I have had fed Macaws and Too's, but I've never actually
raised them and watched them go through the process. It's
difficult and time consuming, but also kind of enjoyable.
Brooders...I don't have, do you have a website of a good one?
Or a recommendation of a good one?
On 1/10/08, Mrs. Bird wrote:
> On 1/10/08, Darcie wrote:
>> I recently acquired a pair of Greenwing Macaws. They are
>> breeder birds, and not at all used to humans holding them.
>> Though the female has calmed down to not lunge at me
>> evertime I come near the cage and she is actually letting
>> me scratch her head when I put her plate of "freshies" as
>> she calls them in her and her mate's cage.
>> Apparently though...I didn't take off their nest box quick
>> enough and now I have a clutch of 2 eggs. The lady I got
>> them from came over to take a look at them and she brought
>> a machine that detects heartbeats within the egg? I
>> thought it was weird, but she told me that they are
>> I'm not one to kill something, Even if it is an unborn
>> little birdie. My hen is still sitting on them and acting
>> very proud of herself, and her mate is bringing her the
>> freshies straight to her door.
>> Though...I've been told she will feed them, but I'm not
>> interested in having any more macaws. I have briefly
>> handfed before and I know about burning their crop, or
>> infections, but..when should I take the babies from their
>> mother? And where do I get the bands to put on their legs
>> to prove they were hatched here in the US?
>> If there is a breeder out there that could give me a
>> little help on getting started I would really appreciate
>> it. I'm not looking to do this again and their nest box is
>> coming off after these hatch...but....what exactly do I
>> need to make sure I help to raise some healthy chicks??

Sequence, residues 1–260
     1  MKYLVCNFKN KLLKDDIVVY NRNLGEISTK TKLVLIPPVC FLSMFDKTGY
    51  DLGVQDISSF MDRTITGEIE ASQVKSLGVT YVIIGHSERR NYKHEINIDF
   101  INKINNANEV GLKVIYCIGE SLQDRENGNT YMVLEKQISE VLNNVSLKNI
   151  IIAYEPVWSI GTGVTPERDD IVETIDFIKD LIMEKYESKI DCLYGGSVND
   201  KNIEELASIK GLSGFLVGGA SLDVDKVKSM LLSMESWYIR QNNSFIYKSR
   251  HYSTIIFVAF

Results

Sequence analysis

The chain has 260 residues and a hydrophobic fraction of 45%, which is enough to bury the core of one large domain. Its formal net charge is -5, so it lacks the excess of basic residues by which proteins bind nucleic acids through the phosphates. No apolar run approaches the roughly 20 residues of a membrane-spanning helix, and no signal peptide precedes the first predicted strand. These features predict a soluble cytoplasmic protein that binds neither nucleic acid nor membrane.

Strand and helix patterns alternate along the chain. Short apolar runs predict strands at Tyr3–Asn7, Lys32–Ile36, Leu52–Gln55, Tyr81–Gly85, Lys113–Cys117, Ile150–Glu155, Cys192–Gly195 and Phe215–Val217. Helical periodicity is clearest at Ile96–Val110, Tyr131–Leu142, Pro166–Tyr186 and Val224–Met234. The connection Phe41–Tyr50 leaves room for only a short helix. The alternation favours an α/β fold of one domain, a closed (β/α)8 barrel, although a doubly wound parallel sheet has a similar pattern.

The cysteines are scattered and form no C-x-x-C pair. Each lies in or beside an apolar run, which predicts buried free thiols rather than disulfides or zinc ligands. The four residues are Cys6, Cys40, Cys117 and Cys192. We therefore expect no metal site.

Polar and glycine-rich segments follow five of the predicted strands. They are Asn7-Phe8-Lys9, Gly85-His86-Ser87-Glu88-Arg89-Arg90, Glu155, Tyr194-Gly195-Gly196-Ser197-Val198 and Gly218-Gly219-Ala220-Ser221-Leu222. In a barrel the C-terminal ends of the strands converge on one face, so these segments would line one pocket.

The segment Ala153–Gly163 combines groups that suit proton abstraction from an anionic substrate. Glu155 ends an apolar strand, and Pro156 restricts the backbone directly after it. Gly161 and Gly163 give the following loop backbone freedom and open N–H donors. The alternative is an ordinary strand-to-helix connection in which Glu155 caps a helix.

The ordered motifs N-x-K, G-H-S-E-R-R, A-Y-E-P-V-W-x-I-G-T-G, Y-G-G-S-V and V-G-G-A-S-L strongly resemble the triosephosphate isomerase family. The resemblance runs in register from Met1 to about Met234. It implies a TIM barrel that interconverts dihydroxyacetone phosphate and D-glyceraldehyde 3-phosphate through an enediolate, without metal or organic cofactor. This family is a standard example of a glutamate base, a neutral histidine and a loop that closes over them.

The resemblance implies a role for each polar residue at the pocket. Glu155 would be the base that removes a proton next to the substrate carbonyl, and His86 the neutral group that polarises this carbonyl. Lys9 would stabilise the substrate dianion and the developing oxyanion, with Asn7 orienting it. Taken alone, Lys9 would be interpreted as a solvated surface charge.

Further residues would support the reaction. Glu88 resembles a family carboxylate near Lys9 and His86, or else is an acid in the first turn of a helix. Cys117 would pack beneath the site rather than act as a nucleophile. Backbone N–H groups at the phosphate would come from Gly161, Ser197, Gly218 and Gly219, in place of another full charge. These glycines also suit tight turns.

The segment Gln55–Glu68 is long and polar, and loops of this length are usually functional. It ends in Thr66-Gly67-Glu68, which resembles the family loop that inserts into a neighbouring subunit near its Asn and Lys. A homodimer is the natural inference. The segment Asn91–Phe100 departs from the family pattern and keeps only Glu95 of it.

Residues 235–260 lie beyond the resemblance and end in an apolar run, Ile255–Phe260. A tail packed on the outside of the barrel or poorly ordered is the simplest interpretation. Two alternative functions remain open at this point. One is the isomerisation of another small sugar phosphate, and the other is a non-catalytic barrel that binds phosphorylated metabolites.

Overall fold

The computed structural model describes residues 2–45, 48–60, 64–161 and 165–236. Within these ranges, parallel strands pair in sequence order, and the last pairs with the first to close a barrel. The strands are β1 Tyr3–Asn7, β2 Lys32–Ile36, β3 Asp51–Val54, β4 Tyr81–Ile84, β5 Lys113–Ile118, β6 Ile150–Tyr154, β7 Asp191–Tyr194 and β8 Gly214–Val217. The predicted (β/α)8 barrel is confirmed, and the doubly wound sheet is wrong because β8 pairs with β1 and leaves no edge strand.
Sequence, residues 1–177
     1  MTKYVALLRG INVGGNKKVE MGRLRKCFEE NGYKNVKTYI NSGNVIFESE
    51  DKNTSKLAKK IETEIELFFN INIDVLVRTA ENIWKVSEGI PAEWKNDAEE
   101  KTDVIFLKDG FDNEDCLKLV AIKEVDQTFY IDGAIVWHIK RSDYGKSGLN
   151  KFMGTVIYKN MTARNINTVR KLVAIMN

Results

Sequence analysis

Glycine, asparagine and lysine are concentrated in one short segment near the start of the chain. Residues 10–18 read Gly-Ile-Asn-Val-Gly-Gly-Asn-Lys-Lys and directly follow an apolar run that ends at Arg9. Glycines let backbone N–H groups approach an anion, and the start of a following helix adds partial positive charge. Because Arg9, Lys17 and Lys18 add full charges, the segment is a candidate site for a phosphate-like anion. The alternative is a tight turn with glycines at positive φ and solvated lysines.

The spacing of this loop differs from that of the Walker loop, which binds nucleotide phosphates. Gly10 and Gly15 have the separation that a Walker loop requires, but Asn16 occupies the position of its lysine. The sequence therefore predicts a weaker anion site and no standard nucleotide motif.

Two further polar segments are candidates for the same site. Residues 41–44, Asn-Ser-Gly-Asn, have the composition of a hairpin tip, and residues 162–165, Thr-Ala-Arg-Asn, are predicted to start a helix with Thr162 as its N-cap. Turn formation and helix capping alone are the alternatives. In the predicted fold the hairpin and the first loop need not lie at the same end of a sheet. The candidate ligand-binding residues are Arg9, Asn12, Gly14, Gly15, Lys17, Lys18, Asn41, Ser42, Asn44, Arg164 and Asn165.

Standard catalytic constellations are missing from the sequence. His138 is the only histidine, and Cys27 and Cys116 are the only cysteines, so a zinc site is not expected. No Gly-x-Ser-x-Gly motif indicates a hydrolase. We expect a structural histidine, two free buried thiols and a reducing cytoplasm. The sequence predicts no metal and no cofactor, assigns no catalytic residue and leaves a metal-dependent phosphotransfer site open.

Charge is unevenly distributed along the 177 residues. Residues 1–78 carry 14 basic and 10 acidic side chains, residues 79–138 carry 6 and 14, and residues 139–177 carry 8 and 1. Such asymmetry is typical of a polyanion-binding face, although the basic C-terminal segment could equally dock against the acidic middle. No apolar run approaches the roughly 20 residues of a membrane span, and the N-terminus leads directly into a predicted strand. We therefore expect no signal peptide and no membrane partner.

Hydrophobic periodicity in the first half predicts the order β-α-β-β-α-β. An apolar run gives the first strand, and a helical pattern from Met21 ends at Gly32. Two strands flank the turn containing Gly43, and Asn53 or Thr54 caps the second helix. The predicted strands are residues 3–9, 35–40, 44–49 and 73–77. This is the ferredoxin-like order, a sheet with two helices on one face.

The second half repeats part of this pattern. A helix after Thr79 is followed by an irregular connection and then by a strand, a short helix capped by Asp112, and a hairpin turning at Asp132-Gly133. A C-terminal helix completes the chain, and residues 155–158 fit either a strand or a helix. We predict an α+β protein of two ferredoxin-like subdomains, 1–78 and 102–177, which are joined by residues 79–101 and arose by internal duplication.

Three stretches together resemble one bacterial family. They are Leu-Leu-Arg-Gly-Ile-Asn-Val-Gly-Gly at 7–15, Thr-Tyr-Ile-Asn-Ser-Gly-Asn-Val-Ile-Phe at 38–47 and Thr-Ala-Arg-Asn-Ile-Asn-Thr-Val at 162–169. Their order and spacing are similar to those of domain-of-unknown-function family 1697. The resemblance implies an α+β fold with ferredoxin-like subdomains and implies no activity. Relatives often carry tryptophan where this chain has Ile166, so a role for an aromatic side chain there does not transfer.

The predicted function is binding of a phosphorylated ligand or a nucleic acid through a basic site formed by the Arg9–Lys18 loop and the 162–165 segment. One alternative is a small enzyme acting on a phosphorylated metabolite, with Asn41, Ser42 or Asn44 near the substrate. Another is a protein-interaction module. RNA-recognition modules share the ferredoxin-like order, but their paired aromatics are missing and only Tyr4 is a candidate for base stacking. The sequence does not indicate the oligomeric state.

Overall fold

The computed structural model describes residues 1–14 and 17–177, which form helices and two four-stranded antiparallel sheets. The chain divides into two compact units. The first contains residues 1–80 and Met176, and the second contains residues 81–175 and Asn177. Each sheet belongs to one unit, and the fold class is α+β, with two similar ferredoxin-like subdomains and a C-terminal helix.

> I'm not sure what you mean by "briefly handfed before," but
> you either are familiar or you're not. Not to sound harsh,
> but hand feeding is for the experienced.
> At this point you should be giving the pair lots of fresh
> foods which would consist of fresh vegetables, cooked bean
> mix, hard-cooked eggs (shell and all), etc. You want them
> have all the necessary foods for themselves as well as be
> accustomed to these foods to feed their chicks. You would
> want to include higher calcium foods such as broccoli, kale,
> mustards, etc.
> Disturb them as little as possible so as to not make them
> You can order bands for your chicks from L&M leg bands.
> There are other companies out there, but this is who I use.
> You can pull the babies for hand feeding at about 3 weeks of
> age or a wee bit sooner if you like.
> You'll need a brooder to keep them warm, and of course, a
> good hand feeding mix. I use Kaytee Exxact.
> Temperature of the hand feeding formula is probably one of
> the biggest issues you'll face. I like around 108 degrees.
> Too cool and you invite crop stasis and infection. Too hot
> and you'll be off to the vet with burned crop. Use a
> If this seems more than you are willing to take on you might
> consider selling the chicks out of the nest to an
> hand feeder. Just a suggestion.
> Good luck,
> Mrs. Bird